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When the 2009 free agency period opened, a Blazers squad chock full of young talent — Brandon Roy, LaMarcus Aldridge, Greg Oden, Rudy Fernandez, Travis Outlaw, all 25 or younger — looked at the 30-year-old Turkoglu as the sort of floor-spacing, pick-and-roll-running, versatile and playoff-experienced frontcourt veteran who could push Portland from up-and-comer to contender. He'd agreed to terms on a five-year, $50 million deal with the Blazers ... only to back out of his commitment and sign a five-year, $53 million contract with the Toronto Raptors, a reneging that reportedly had to do with Hedo's wife preferring Toronto, "a far more European-style city," to Portland.

Blazers fans never forgot or forgave, and booed Hedo every time his NBA travels brought him back to the Rose Garden, even a half-dozen years later. (Which is to say: strap in, DeAndre.) As it turned out, Turkoglu's about-face didn't work out super well for either him or the Raptors.

In the first season of that new deal, his scoring numbers dropped off, he got the foul line less often and his defensive struggles were magnified playing without Howard behind him in the paint. What was left was a pretty average player making star-level money, underperforming his contract for a club that struggled mightily. He soon found himself on the hot seat after eschewing pizza parties in favor of something a bit stiffer — and he reportedly wasn't alone there — mere hours after missing a game due to a stomach virus.

The highlight of Turkoglu's Toronto career: a 26-point, 11-rebound performance in a win over the New York Knicks at Madison Square Garden that resulted in one of the more delightfully absurd post-game interviews in recent memory:

Just one year after pushing his way to Toronto, Hedo wanted to take his "ball" and go home. He didn't quite get that wish, but he got out, dancing his way to the Phoenix Suns in exchange for Leandro Barbosa and Dwayne Jones. A hoped-for rejuvenation in the desert playing alongside two-time MVP point guard Steve Nash never really materialized; less than two months into the season, Turkoglu found himself back in Orlando as part of a six-player deal aimed at kickstarting a Magic club that had lost six of seven and wanted to convince Howard they were still a title contender.

Back in his point-forward playmaker role, Turkoglu played well, but Orlando bowed out in the first round to the Atlanta Hawks. Turkoglu's play declined the following season, helping turn the deal into a disaster for Orlando — one of the outgoing players, Howard's backup, Marcin Gortat, turned into a strong starter in Phoenix, and the future first-round pick the Magic sent out would later be used on current Chicago Bulls starter Nikola Mirotic.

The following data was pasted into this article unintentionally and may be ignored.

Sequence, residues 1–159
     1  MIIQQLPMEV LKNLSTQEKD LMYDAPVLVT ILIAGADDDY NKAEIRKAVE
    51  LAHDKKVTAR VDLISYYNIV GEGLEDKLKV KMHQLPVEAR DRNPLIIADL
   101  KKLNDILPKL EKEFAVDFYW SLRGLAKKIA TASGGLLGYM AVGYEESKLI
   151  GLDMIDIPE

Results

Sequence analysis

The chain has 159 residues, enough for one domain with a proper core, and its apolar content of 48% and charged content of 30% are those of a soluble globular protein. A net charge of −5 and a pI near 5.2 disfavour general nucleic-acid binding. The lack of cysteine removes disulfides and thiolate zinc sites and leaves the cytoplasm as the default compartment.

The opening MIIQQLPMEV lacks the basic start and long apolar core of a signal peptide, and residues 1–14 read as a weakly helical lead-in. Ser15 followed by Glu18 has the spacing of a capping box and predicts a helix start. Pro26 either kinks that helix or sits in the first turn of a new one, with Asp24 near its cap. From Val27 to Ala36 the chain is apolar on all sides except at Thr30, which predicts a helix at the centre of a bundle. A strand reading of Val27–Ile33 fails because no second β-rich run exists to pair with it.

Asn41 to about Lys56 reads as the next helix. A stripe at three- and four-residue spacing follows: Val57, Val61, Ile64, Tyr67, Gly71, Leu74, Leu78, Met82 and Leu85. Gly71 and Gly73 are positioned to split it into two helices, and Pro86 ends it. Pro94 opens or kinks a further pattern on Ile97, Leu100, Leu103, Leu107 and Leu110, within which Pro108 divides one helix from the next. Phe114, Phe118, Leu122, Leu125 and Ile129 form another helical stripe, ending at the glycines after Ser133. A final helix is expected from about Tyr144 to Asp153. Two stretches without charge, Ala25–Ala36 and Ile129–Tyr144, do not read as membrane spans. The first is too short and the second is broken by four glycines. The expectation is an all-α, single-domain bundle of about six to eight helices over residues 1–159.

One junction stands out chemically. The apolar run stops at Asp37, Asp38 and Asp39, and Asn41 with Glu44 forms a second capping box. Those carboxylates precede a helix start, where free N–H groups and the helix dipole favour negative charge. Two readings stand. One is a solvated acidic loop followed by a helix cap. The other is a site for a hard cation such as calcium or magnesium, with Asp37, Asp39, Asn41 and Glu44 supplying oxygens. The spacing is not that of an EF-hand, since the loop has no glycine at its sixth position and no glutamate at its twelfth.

Injuries and a 20-game suspension for a positive steroid test limited Turkoglu to only 11 games in the 2012-13 campaign. (He denied knowingly taking an illicit substance, saying "he received medication from his personal trainer to treat a shoulder injury and didn't check with Magic medical staff to ensure the medication didn’t violate the league’s drug policy," according to Josh Robbins of the Orlando Sentinel.) He remained sidelined for the first 32 games of the 2013-14 season; the Magic waived him in January 2014. He'd catch on with the Clips, making 100 appearances in a limited role over the last two seasons.

While Turkoglu declined sharply after age 30 and spent his last few seasons struggling to reclaim the fire of old, Peak Hedo was an oddly intriguing player — a herky-jerky dude without great quickness or athleticism who always seemed to get where he wanted to go on the court; a frequent chucker who still always seemed to know just how to get his teammates the ball where they wanted it; a warm-hearted goof with a sneering swagger who always seemed comfortable stepping into a big shot. He served as something of a stylistic precursor to many of the ball-handling, floor-spacing big men littering the landscape today, and he was pretty fun to watch, to boot.

Vaya con dios, Hedo. Have a slice for us, for old times' sake.

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Dan Devine is an editor for Ball Don't Lie on Yahoo Sports. Have a tip? Email him at devine@yahoo-inc.com or follow him on Twitter!